Using Fuzzy Systems to Infer Memory Impairment from MRI
Alzheimer’s disease (AD) is a common form of dementia, which mostly affects elderly people. Gradual loss in memory and declining cognitive functions are core symptoms associated with AD. Conventional brain images do not provide sufficient information to diagnose AD at an early stage. To delay the progression of memory impairment, there is a dire need to develop systems capable of early AD diagnosis. This paper describes a proposed fuzzy method for inferring the risk of dementia using the brain cortical thickness and hippocampus thickness. The aim is to develop a reliable index that allows the evaluation of brain health. The dementia index poses potential to become a biologically based biomarker for the clinical assessment of patient’s dementia. Results show that the inference value of patient with mild cognitive impairment is significantly higher than that of healthy (control) or schizophrenia (SCZ) patients. Our results suggest that a higher inference value indicates that the patient is at higher risk and is more likely to eventually progress to AD. The system is also tested with age-associated memory impairment patients. The results confirm that our model is able to distinguish between these four patient groups.
KeywordsAD Brain cortex Dementia risk Fuzzy system MRI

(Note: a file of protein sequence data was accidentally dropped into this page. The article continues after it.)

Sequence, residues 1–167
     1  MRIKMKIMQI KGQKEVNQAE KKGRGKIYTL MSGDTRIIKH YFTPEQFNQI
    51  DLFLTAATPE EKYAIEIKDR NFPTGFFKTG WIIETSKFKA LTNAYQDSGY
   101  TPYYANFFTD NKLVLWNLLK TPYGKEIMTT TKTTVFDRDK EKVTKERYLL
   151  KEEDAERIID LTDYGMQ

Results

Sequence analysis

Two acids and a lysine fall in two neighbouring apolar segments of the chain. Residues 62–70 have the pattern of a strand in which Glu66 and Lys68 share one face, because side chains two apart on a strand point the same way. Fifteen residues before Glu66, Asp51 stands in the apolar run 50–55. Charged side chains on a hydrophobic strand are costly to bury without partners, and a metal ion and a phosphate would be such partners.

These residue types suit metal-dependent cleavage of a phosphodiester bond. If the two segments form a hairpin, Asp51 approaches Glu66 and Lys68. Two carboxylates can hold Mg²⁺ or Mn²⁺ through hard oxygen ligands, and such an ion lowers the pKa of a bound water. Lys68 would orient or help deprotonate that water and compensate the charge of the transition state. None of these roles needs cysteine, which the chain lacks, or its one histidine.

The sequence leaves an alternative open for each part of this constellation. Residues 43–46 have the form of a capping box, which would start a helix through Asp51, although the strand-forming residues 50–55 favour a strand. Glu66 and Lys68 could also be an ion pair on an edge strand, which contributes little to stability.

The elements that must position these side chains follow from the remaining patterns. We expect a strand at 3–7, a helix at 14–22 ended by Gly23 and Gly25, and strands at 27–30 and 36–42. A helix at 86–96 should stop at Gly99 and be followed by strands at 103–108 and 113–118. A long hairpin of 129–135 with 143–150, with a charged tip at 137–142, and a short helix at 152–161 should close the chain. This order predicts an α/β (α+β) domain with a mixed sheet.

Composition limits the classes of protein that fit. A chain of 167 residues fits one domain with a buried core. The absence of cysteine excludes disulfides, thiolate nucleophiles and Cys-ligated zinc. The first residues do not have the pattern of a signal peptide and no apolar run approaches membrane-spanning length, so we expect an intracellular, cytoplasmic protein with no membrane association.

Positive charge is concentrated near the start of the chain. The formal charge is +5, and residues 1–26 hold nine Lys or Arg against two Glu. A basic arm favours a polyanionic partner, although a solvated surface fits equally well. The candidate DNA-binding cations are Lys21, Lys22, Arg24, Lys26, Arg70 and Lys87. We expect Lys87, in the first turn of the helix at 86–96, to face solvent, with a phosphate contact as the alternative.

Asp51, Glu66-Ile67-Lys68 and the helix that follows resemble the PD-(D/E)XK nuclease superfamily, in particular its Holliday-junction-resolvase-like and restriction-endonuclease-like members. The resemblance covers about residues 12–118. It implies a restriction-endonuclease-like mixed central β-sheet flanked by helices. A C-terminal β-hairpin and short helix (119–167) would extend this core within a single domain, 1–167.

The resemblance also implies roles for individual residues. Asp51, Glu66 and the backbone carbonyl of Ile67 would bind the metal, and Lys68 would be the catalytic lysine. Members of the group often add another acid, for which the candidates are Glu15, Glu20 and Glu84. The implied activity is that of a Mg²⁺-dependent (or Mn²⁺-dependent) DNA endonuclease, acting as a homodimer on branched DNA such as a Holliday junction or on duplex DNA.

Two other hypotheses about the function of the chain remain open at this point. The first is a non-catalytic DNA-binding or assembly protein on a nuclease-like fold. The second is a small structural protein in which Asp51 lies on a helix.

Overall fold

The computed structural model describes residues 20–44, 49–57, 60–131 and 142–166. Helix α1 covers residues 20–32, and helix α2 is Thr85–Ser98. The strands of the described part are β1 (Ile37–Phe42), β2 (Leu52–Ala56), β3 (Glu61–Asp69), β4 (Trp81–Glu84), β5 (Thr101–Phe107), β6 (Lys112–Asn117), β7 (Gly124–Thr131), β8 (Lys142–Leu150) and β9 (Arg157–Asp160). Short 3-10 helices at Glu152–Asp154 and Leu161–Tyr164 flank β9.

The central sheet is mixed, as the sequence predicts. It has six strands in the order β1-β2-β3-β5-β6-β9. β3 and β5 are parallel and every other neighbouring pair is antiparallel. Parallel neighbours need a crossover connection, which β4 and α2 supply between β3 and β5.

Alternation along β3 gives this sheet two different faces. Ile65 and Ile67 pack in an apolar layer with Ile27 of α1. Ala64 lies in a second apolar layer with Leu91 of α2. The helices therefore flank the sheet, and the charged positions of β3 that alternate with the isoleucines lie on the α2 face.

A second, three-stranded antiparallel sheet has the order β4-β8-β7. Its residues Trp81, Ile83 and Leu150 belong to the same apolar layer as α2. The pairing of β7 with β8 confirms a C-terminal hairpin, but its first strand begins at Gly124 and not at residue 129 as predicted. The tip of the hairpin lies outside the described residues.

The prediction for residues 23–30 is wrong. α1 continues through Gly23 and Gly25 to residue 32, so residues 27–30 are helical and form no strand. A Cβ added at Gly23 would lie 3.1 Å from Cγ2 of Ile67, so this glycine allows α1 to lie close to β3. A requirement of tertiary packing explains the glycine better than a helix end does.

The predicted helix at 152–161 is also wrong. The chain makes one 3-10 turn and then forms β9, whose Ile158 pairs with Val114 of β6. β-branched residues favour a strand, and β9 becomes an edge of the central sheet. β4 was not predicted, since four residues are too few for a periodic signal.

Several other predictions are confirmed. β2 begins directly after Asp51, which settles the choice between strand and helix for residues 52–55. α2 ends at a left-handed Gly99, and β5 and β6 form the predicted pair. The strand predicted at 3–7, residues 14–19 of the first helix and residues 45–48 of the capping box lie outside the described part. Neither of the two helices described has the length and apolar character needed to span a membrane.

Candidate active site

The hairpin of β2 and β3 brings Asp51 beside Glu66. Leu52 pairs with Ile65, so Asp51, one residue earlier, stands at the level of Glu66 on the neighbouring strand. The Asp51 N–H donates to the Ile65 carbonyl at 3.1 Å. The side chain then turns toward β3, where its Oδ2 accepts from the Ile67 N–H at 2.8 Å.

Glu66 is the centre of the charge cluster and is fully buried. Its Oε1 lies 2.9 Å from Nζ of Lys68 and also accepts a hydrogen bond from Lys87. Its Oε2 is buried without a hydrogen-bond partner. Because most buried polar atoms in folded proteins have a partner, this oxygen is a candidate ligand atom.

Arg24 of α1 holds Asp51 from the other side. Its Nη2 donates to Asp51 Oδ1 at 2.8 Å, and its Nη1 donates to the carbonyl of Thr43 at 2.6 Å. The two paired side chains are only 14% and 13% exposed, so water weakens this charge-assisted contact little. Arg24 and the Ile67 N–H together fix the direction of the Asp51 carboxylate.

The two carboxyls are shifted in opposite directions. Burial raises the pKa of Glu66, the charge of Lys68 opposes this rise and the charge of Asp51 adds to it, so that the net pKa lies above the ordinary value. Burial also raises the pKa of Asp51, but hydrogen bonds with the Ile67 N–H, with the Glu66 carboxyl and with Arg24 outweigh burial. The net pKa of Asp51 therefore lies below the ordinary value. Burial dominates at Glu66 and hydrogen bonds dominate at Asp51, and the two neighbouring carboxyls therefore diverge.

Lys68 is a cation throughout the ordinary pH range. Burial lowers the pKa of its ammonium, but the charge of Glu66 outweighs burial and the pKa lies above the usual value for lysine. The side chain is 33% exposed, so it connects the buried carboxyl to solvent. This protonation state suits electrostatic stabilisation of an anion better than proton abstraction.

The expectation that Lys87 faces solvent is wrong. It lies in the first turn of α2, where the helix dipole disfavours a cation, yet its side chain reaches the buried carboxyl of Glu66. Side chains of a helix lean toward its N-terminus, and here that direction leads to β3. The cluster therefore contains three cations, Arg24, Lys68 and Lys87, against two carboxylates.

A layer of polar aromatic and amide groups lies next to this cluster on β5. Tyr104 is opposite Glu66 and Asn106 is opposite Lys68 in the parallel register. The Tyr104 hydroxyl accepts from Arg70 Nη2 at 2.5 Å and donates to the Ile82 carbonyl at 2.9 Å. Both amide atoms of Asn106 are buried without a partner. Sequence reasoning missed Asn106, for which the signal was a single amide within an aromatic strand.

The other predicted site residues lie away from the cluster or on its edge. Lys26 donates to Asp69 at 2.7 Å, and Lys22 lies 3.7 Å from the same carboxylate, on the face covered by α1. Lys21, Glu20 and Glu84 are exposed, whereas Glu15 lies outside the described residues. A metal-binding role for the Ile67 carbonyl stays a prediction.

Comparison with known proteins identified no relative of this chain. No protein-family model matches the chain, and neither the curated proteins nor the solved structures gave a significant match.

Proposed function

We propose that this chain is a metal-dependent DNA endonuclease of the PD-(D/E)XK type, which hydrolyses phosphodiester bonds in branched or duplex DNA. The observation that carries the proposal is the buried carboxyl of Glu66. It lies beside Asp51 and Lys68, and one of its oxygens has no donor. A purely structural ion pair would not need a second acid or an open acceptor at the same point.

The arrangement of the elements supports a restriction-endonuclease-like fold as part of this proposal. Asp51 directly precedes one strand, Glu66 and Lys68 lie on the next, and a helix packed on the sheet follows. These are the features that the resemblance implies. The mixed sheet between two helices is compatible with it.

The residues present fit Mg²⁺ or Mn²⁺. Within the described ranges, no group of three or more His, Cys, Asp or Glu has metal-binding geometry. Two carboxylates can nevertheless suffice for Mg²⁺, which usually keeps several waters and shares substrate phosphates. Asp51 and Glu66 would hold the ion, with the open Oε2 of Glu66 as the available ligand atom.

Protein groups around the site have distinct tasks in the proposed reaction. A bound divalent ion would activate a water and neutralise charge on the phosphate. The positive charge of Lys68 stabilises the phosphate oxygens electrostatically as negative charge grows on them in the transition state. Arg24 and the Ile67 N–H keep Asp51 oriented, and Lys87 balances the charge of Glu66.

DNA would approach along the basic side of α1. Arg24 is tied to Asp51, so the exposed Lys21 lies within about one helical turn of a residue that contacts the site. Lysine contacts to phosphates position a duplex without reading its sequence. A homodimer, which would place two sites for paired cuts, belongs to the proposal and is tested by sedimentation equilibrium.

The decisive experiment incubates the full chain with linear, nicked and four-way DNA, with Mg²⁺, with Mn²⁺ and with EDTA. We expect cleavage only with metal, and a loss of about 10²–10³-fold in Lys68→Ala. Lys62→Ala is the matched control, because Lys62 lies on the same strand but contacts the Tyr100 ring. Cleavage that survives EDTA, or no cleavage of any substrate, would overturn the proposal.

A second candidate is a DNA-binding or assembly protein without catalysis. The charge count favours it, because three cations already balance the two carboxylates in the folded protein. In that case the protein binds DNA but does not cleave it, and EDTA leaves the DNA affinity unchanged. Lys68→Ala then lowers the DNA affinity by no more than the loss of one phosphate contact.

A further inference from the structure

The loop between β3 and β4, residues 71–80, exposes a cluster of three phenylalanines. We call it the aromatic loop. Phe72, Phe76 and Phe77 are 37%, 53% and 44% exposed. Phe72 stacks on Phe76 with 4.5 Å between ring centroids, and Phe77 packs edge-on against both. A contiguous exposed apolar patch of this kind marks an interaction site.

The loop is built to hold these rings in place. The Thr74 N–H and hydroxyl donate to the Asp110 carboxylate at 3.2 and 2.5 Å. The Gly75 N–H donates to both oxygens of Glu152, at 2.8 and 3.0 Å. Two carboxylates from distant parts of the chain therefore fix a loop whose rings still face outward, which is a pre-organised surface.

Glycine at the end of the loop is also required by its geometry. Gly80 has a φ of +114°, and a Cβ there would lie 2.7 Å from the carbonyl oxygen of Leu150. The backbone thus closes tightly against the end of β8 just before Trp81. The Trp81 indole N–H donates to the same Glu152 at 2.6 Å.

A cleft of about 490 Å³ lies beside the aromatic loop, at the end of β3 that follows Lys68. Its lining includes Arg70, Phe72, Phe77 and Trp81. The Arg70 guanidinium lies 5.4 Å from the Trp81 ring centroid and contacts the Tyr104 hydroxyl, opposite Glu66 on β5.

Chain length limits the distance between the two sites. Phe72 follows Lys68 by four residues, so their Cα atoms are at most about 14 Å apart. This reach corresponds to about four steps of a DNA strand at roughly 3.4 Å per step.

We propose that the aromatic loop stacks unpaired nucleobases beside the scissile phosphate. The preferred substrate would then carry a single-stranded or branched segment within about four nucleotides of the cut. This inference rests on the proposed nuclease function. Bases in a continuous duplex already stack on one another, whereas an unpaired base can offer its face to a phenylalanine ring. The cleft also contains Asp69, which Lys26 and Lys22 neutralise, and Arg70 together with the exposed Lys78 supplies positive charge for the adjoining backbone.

This study was funded in part by the Ministry of Science and Technology, Taiwan, under Grants MOST105-2221-E-027-042- and MOST106-2221-E-027-001-, in part by the joint project between the National Taipei University of Technology and Mackay Memorial Hospital under Grants NTUT-MMH-105-04 and NTUT-MMH-106-03, and in part by the joint project between the National Taipei University of Technology and Chang Gung Memorial Hospital under Grants NTUT-CGMH-106-05.
Written informed consent was obtained from all participants. This study was approved by the Institutional Review Board of the University of Cincinnati (IRB 09-04-16-01EE). The research was conducted according to the principles of the Declaration of Helsinki. A detailed personal history, general health examination, and lifestyle questionnaire were conducted for all participants.
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